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Publication numberUS2750444 A
Publication typeGrant
Publication dateJun 12, 1956
Filing dateNov 10, 1951
Priority dateNov 10, 1951
Publication numberUS 2750444 A, US 2750444A, US-A-2750444, US2750444 A, US2750444A
InventorsFreeman H Owens
Original AssigneeFreeman H Owens
Export CitationBiBTeX, EndNote, RefMan
External Links: USPTO, USPTO Assignment, Espacenet
Combined slide and card projection apparatus for television
US 2750444 A
Abstract  available in
Images(9)
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Claims  available in
Description  (OCR text may contain errors)

June 12, 1956 F. H. OWENS 2,750,444

COMBINED SLIDE AND CARD PROJECTION APPARATUS FOR TELEVISION Filed Nev. 10, 1951 9 Sheets-Sheet 1 Afro/M45? F. H. OWENS June 12, 1956 COMBINED SLIDE AND CARD PROJECTION APPARATUS FOR TELEVISION Filed NOV. 10, 1951' 9 Sheets-Sheet 2 F. H. OWENS June 12, 1956 COMBINED SLIDE AND CARD PROJECTION APPARATUS FOR TELEVISION 9 Sheets-Sheet 3 Filed Nov. 10, 1951 F. H. OWENS June 12, 1956 COMBINED SLIDE AND CARD PROJECTION APPARATUS FOR TELEVISION Fi led NOV. 10, 1951 9 Sheets-Sheet 4 INVENTOR.

F. H. OWENS 2,750,444

9 Sheets-Sheet 5 COMBINED SLIDE AND CARD PROJECTION APPARATUS FOR TELEVISION I an I? I'IIIIIIIIIIIIIIIIIIII June 12 Filed Nov. 10, 1951 NRW F. H. OWENS June 12, 1956 COMBINED SLIDE AND CARD PROJECTION APPARATUS FOR TELEVISION Filed Nov. 10, 1951 9 Sheets-Sheet 6 MECHANISM MOTOR CARRIAGE MOTOR June 12, 1956 F. H. OWENS 2,750,444

COMBINED SLIDE AND CARD PROJECTION APPARATUS FOR TELEVISION Filed Nov. 10, 1951 9 Sheets-Sheet 9 MECHANISM MOTOR CARRIAGE MOTOR INVENTOR FREEMAN H. OWENS WWW ATTORNEY IIOV. A.C.

m N Q u.

United States Patent ooMnrNED sauna AND CARD PROJECTION APPARATUS FOR TELEVISION Freeman H. Owens, New York, N. Y.

Application November 10, 1951, Serial No. 255,806

21 Claims. (Cl. 178-72) The invention herein disclosed relates to the projection of slides, transparencies, cards and other objects or subjects for television and is a continuation-in-part of inventions disclosed in copending patent applications Serial No. 219,680, filed April 6, 1951, entitled Prefocused Slide and Card Holder For Television Projectors, Patent No. 2,704,008, March 15, 1955, and Serial No. 236,114, filed July 11, 1951, entitled Television Apparatus and Optical System."

In accordance with this invention the objects to be projected are mounted in holders and these holders are arranged in a row, one in front of the other, in the sequence in which they are to be used, and automatic mechanism is provided for advancing the row, the extent of one holder at a time, and shifting the front holder laterally over into projecting position, after first removing a previously projected holder from the projecting position, if there has been a previous projection, and stacking the previous holder in a row of used holders. 7

The invention is particularly concerned with the mechanism for effecting these results.

Special objects of the invention are to assure smooth, easy shifting of the holders from the supply row and accurate positioning and securing of the holders in the projecting position. I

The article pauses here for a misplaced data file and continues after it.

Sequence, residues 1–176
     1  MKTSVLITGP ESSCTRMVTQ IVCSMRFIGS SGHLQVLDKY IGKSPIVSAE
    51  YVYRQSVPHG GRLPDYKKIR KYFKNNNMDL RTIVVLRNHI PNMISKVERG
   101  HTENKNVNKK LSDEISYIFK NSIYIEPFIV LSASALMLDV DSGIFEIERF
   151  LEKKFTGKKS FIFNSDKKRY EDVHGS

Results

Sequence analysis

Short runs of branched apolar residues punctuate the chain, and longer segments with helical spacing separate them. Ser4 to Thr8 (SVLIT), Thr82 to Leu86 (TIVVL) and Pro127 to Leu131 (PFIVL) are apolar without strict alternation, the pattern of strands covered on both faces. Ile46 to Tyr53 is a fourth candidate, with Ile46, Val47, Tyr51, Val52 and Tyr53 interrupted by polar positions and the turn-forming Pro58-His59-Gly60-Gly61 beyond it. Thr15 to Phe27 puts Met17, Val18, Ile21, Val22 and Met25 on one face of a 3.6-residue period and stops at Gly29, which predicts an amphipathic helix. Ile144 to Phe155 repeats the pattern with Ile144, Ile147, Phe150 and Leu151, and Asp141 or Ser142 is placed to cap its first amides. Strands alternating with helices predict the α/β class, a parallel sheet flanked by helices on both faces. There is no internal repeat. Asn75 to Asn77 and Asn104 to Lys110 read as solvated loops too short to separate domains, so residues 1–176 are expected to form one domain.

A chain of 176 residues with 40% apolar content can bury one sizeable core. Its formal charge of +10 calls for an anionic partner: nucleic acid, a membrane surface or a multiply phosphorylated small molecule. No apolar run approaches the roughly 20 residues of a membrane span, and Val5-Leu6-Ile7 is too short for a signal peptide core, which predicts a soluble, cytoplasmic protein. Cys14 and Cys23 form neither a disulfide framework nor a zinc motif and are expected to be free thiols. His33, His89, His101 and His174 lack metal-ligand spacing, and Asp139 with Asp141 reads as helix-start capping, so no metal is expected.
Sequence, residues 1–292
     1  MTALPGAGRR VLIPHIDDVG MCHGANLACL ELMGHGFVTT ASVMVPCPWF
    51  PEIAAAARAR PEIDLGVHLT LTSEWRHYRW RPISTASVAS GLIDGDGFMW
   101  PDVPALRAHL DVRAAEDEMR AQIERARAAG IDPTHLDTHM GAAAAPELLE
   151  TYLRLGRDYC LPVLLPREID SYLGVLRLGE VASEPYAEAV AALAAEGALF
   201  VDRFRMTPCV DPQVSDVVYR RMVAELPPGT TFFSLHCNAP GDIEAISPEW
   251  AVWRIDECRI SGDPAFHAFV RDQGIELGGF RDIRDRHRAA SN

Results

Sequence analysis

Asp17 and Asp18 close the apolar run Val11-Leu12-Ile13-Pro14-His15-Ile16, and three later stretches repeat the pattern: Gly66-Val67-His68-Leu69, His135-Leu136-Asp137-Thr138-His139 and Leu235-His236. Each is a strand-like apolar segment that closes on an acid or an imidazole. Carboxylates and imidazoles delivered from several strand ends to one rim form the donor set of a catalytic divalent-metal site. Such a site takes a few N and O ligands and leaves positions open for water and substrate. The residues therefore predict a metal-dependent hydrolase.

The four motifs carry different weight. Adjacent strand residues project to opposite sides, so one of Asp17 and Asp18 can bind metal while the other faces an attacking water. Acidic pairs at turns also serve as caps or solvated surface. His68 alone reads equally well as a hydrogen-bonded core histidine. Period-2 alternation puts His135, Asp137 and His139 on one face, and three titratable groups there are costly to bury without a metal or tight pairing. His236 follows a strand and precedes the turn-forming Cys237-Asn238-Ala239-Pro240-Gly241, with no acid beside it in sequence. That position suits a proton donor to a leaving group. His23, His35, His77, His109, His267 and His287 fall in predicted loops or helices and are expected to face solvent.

Further special objects of the invention are to effect the smooth transition of the holders from the projecting to the stacking or storing position without interruption or delay as projection is completed. v H

Important objects of the invention are toautomatically effect prefocusing adjustment of the holders so that as they reach the projecting station they will be properly focused for the subject matter carried thereby.

Other important objects of the invention are to combine different projectors focused on the mosaic of the same television camera so as to fade or Wipe from one effeet into another without producing objectionable double exposure effects, except as such effects may be desired.

Special objects of the invention are to provide simple, practical and effective mechanism for accomplishing the results indicated.

Other desirable objects attained by the invention are set forth or will appear in the course of the following specification.

The drawings accompanying and forming part of the specification are illustrative of certain practical and, at this time, preferred embodiments of the invention. Actual structure and relation of parts, however, may be modified and changed in various Ways, all within the true intent and broad scope of the invention as hereinafter defined and claimed.

Fig. l'in the drawings is a diagrammatic plan View illustrating a pair of the transparency and opaque projectors focused in convergent relation upon the mosaic of a single television camera and thereby arranged to fade over images from one projection subjectint'o images of another projector. This view shows also how' these projectors may be employed in combination with motion picture ice projectors and in association with a studio camera for picking up live action on a stage or the like. All images are projected onto the mosaic of the same television cam era;

Fig. 2 is abroken side elevation of one of the automatic slide projectors shown in Fig. 1;

Fig. 3 is a broken plan view of the automatic slide projector; I

Fig. 4 is an enlarged broken plan view of the electromagnetic clamp for securing the active slide holder in the projecting position;

Fig. 5 is a broken vertical sectional view of the holder as on substantially the plane of line 5-5 of Fig. 3;

Fig. 6 is a broken horizontal sectional View of the cam and lever mechanism for effecting the operation of the holder transfer slide, this view being taken on substantially the plane of line 66 of Fig. 2;